The UK became the first Western country to issue a Five-Year Sukuk Ijara in June 2014, raising GBP200 million in the process. The transaction paid a profit rate of 2.036% in line with the yield on gilts of similar maturity. The issuance was 10 times oversubscribed with the order book exceeding £2 billion. That debut Sukuk was arranged by a syndicate comprising Barwa Bank from Qatar, CIMB Islamic from Malaysia, HSBC, National Bank of Abu Dhabi (First Abu Dhabi Bank) and Standard Chartered Bank, thus covering all the major centres of global Islamic finance activity.
Demand for this second Sukuk is expected to be robust including from the five UK-authorised Islamic banks awaiting the imminent roll out by the BoE of its pioneering Alternative Liquidity Facility (ALF) to help these banks in the UK manage their short-term liquidity management requirements and capital buffers under the Basle capital and liquidity regimes on a Syariah-compliant basis.
“The Alternative Liquidity Facility (ALF) will be open for business from the first quarter of 2021. The new facility will provide UK Islamic banks (and indeed any other UK banks with formal restrictions on engaging in interest-based activity) with greater flexibility in meeting High Quality Liquid Assets (HQLA) requirements, enabling them to hold a reserves-like asset in a non-interest-based environment,” confirmed Andrew Hauser, Executive Director, Markets at the Bank of England (BoE).
Hauser explained at a recent Islamic finance forum in London that “the ALF will be structured as a Wakalah or fund-based facility: a commonly used model in Islamic finance. In simple terms, that means that participant deposits will be backed by a fund of assets, the return from which, net of hedging and operational costs, will be passed back to depositors in lieu of interest.”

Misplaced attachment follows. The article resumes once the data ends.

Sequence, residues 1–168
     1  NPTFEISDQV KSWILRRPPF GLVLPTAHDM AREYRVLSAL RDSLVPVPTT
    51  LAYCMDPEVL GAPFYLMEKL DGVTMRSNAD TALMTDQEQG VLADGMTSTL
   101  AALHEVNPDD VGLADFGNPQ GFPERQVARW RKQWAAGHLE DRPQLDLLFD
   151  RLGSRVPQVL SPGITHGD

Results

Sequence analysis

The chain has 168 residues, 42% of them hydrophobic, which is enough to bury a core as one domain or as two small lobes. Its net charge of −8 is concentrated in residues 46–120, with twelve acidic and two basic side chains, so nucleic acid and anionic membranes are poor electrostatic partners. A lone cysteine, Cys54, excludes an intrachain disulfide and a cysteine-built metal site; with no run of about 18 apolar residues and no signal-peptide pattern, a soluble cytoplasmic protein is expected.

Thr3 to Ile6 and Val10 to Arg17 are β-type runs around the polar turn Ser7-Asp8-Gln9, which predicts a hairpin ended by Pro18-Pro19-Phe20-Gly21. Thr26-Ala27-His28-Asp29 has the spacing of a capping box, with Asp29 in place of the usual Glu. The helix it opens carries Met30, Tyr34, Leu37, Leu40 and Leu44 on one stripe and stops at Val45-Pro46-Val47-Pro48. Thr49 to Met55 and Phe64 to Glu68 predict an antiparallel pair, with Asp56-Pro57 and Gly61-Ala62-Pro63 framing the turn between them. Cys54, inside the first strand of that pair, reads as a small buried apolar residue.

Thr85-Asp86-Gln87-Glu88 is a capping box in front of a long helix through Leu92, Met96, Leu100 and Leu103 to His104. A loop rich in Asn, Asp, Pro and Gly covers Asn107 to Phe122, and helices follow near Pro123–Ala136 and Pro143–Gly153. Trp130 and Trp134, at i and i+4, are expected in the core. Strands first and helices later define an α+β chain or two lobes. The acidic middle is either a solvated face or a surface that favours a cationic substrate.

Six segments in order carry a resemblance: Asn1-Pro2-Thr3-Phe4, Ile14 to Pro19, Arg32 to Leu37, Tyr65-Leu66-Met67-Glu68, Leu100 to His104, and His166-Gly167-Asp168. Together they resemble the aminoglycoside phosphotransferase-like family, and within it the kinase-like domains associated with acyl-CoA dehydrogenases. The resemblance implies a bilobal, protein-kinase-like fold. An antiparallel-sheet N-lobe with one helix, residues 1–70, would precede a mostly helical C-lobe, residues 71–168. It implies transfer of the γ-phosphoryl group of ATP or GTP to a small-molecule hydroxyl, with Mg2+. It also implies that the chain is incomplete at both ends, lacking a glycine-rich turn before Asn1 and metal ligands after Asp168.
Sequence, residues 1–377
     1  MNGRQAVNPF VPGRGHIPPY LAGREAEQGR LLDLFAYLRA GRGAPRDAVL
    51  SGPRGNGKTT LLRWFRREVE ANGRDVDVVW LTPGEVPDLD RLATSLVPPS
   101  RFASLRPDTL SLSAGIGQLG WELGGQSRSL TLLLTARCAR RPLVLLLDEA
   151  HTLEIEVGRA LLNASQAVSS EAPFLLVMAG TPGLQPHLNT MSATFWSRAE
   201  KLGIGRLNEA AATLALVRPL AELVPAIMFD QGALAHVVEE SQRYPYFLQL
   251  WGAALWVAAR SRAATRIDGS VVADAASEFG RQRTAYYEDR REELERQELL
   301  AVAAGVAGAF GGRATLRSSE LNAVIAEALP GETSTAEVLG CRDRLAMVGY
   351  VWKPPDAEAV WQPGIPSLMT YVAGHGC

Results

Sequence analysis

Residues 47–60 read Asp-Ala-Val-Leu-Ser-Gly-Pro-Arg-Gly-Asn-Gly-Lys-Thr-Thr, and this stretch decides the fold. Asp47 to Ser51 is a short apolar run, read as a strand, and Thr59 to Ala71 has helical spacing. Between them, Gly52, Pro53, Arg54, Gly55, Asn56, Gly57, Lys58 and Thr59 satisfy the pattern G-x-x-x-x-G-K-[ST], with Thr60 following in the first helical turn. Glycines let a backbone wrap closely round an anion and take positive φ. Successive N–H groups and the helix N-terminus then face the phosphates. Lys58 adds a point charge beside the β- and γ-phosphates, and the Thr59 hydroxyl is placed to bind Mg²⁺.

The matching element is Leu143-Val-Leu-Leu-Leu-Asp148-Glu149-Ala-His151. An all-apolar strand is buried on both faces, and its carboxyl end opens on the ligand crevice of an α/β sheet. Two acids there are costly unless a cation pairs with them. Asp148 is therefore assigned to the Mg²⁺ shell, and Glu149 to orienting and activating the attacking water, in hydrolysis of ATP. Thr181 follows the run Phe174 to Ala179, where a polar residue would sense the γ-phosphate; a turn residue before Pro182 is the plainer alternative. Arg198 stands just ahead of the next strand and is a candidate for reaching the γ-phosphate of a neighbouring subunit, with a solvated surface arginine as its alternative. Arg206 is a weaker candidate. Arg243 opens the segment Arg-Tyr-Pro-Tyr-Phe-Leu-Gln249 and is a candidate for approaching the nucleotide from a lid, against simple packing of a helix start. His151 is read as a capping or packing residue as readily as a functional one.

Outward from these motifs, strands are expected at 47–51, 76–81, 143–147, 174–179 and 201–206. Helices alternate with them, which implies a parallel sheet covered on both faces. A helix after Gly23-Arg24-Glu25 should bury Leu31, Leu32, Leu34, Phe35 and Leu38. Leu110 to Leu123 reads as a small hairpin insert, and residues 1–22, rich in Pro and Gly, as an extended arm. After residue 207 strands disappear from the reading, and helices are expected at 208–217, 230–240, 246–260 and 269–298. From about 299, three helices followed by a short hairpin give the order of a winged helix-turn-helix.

The UK has important first-mover advantages over other non-traditional Islamic finance markets. “The major Islamic finance players,” reminds Fitch’s Al Natoor, “are all English speaking, so language is no barrier. The UK-based legal services dominate given that almost all the international transactions, Sukuk offerings, Murabaha syndications etc are governed by English law. The London Stock Exchange also plays an important role as a key global venue for Sukuk listing. These are difficult to take from the UK.”
The debut Sukuk in 2014 was supposed to pave the way for a spate of UK corporate issuances. Apart from a two or three small Sukuk issuances including by Gatehouse Bank, Sukuk has been conspicuous in its absence from UK project finance and urban regeneration, the two areas to which it is best suited.
“That is a concern,” maintains Bashar Al Natoor. “You need to look at three things, issuers, investors and the ecosystem. You need to have issuers who are willing to issue Sukuk. You need to have investors that are willing to invest in that Sukuk. On top of that you need to have the right ecosystem especially the regulatory system that allows you to issue Sukuk.” To him, the UK’s Sukuk strategy is underpinned by its underlying Islamic finance strategy.
But as Andrew Hauser of the BoE reminded the Wakalah Alternative Liquidity Facility “is a real step forward, but it’s only one step. Through continued engagement and focused effort, together we can build a more innovative, diverse and inclusive marketplace: one which really can meet the needs of every part of our society. Some worry that COVID might slow the pace of growth in Islamic finance, as economic activity declines, and market participants revert to more conventional tools to meet the daunting financing needs of the crisis. That needn’t be so – because key aspects of Islamic finance make it particularly well suited to financing the post-Covid recovery.”
In fact, in this respect and in the context of Brexit and Global Britain, UK International Trade Secretary Liz Truss in a letter to UKEF Chief Executive Louis Taylor in March, reiterated the government’s strategic priorities. These include Export-led Recovery, Clean Growth for a Green Industrial Revolution, Climate Risk Disclosures, The Union and Levelling Up to include support not only for large exporters but also SMEs exporting, and advancing the Global Britain concept.
“Our new free trade ambassadors will encourage greater exporting to new markets and will create a growing need for finance and support from UKEF. The UKEF will work with UK exporters who will want to capitalise on the opportunities these new markets will bring. This year, UKEF will increase its international network and recruit International Export Finance Executives into Malaysia, the Philippines, Qatar, Egypt, Morocco, and the US,” she said.
Mushtak Parker is a London-based independent economist and writer.